“Of course San Francisco is a wonderful place, and some people are willing to make immediate sacrifices to get their foot in the door, but it gets to a point where teachers start to wonder if they should continue paying $1,500 a month for a tiny room or move to the suburbs [where salaries are higher and housing is cheaper] and make $15,000-$20,000 more,” says Hardy. “We need to find ways to support teachers early in their careers, but also those who are more experienced and might want to start a family or buy a home.”

“If affordable brick-and-mortar teacher housing were actually here right now, and not several years in the future, then there would be no doubt in my mind that I would have continued to stay in the district,” Leshefsky said, wearily.

A very different sort of housing crisis plagues McDowell County, West Virginia—a poor, rural area, with a population that’s fallen by 80 percent since the 1950s. Teachers aren’t being priced out, but few want to move there, and those who might be so inclined struggle to find attractive housing options.

In 2011, former West Virginia First Lady Gayle Manchin asked Randi Weingarten, the president of the American Federation of Teachers (AFT), to help her figure out a way to improve McDowell’s school system. They started to organize a coalition of public and private organizations to tackle not only educational issues, but also regional poverty. In a speech given in 2012, Weingarten called this effort “solution-driven unionism.” Rather than shut down a school that’s struggling, she argued, unions can push to strengthen them with wraparound services. Then “learning improves, the school improves, community schools become more attractive than private or charter schools, people return to them with new confidence, home values increase and communities are renewed.”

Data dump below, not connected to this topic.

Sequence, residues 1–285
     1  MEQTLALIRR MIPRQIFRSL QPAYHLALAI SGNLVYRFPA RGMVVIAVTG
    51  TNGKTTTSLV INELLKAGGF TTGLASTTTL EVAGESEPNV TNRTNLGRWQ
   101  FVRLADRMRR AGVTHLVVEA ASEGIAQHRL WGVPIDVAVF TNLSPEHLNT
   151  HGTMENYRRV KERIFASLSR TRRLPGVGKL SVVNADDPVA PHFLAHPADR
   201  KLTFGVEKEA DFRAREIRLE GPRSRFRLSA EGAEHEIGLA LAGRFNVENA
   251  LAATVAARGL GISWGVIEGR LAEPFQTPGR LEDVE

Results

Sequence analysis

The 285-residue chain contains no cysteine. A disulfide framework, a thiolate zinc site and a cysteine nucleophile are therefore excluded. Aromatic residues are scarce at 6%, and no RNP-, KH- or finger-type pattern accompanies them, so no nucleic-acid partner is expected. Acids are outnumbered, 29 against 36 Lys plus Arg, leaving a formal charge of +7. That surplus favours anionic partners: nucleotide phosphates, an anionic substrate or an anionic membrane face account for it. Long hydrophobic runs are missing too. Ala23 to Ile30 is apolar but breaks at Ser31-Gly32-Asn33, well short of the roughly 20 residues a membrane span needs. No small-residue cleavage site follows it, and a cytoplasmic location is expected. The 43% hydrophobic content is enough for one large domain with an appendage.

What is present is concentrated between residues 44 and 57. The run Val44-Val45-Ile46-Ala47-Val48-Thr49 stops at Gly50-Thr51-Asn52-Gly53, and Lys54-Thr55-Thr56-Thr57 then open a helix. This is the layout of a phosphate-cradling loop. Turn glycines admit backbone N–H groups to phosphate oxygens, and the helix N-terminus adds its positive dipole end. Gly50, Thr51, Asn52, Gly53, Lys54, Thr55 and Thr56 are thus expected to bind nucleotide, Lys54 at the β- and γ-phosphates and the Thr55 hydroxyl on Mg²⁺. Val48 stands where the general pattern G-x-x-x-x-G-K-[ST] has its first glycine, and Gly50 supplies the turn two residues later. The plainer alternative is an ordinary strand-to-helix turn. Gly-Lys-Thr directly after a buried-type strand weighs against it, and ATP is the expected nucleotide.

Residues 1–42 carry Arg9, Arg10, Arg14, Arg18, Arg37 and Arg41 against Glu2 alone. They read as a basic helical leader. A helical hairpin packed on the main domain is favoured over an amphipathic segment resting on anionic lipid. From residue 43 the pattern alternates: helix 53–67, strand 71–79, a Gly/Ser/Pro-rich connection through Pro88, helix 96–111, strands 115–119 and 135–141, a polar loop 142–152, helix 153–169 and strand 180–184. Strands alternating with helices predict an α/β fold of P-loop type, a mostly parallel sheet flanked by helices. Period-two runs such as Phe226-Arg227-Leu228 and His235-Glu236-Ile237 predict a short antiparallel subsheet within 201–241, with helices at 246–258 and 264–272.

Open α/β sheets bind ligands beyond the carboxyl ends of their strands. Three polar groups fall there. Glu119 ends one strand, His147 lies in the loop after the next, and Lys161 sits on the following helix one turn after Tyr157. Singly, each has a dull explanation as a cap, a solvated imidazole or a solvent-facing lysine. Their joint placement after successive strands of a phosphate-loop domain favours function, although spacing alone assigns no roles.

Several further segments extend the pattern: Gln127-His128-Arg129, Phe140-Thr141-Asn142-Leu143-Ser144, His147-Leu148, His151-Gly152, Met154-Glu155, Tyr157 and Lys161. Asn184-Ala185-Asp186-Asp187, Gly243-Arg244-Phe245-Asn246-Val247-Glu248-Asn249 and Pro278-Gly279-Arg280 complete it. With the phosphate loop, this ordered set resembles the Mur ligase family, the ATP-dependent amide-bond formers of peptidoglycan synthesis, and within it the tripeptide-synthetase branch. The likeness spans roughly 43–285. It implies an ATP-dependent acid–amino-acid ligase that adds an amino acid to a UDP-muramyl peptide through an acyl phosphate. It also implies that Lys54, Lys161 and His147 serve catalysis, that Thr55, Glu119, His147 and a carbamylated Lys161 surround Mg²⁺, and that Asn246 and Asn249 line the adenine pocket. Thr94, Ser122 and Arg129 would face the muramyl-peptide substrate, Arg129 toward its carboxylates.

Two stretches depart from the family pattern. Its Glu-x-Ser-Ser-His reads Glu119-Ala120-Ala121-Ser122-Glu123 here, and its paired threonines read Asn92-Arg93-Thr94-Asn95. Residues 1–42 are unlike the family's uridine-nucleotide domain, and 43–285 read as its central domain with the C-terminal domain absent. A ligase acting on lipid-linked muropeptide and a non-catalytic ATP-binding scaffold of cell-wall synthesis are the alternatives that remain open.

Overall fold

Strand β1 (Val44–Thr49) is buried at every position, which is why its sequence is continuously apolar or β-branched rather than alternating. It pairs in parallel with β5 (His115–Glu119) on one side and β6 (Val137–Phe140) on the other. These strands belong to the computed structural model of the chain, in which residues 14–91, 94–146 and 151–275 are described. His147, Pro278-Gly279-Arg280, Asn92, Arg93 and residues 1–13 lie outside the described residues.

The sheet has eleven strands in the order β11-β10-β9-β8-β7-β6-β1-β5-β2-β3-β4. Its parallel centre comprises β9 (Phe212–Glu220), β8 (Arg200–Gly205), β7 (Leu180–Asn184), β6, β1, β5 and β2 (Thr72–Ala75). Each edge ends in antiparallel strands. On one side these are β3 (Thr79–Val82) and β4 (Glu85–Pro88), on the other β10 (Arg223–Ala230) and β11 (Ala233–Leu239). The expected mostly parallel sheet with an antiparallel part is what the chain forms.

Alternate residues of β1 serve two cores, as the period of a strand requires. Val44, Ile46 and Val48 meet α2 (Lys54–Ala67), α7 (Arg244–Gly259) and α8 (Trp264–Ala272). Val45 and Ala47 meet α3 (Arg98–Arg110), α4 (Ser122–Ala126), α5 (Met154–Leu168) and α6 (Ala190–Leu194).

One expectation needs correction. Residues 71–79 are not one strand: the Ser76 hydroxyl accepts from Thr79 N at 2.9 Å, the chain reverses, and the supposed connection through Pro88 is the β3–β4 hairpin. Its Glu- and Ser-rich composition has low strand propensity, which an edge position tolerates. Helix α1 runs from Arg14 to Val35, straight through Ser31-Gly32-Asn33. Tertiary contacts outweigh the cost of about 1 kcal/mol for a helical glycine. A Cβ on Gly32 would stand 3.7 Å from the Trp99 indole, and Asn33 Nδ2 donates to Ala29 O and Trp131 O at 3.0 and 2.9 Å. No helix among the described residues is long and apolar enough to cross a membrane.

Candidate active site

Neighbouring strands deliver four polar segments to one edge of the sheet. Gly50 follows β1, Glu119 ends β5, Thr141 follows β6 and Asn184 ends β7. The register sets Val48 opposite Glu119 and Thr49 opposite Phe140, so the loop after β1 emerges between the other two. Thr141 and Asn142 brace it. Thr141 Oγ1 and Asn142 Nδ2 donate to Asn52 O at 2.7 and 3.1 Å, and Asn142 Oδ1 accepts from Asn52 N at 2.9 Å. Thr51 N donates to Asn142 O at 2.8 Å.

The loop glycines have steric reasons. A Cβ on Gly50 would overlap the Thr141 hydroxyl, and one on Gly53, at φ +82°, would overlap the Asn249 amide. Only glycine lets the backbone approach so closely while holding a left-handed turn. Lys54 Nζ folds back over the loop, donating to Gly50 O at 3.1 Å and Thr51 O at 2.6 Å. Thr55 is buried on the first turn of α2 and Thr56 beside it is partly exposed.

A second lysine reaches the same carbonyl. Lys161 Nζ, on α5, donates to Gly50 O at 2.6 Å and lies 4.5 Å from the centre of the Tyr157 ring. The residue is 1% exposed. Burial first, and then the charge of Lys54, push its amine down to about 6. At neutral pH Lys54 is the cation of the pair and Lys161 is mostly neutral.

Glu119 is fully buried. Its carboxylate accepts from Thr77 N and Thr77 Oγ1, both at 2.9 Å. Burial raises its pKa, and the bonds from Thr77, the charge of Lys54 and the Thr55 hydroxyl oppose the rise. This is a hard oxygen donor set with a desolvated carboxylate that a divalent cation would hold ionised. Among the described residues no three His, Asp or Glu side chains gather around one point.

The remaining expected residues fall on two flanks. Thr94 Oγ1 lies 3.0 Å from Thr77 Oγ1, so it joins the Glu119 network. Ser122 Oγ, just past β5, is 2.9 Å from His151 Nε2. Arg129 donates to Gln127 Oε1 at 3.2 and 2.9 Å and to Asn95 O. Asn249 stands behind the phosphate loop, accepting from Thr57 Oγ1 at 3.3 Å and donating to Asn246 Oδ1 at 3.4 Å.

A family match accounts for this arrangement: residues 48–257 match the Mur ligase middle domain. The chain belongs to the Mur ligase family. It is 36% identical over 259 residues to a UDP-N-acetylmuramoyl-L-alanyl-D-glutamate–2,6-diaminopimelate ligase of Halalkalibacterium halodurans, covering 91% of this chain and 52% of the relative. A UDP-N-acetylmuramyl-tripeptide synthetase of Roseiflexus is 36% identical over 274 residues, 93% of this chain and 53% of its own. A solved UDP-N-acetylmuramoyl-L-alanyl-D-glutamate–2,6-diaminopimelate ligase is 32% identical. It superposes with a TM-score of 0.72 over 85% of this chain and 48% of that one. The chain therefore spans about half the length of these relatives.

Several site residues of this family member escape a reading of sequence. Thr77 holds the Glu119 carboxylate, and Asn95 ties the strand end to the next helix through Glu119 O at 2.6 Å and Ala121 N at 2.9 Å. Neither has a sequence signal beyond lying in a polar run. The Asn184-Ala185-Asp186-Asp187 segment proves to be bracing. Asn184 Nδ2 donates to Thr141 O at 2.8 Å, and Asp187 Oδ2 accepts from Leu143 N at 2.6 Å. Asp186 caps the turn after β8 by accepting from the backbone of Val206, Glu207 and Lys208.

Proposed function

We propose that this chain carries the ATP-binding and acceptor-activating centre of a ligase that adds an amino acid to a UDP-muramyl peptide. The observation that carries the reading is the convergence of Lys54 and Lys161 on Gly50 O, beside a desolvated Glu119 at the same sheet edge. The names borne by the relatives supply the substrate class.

Part of the McDowell plan includes not just wraparound services for community members, but also new apartments to attract teachers who might not otherwise want to move to McDowell County. As the lead coordinator involved in the teacher housing complex told Governing, “You can’t expect someone to leave life on a college campus for an isolated area where they live in the middle of nowhere and don’t know anybody.”

“What we’re constructing is the first multiple-story building in the area in decades,” said Weingarten in an interview. “The housing will address three big issues: the high teacher vacancy rate, the dearth of available housing, and the need for economic development.”

WHILE McDOWELL COUNTY’S “teacher village” won’t be the nation’s first, others are generally found in urban areas, and have been constructed largely without the involvement of the local teachers unions. In fact, partners more closely aligned to the educational reform movement have led them—those with ties to charter school networks and organizations like Teach for America.

In 2012, then-Mayor of Newark Cory Booker, New Jersey Governor Chris Christie, leaders from Google and Goldman Sachs, and others gathered to break ground on the Newark Teachers Village—a downtown Newark development that houses three charter schools, a daycare facility, more than 200 subsidized teacher apartments, and nearly two dozen retail shops. The project received tens of millions of dollars in tax credits. (The Wall Street Journal reported on the event with the headline: “Viewing Newark as a ‘Blank Canvas’”.) The real estate development group that spearheaded the project, RBH Group, is listed as a Teach for America corporate sponsor, and one of RBH’s founding partners, Ron Beit, is the chairman of the board of TFA’s New Jersey chapter.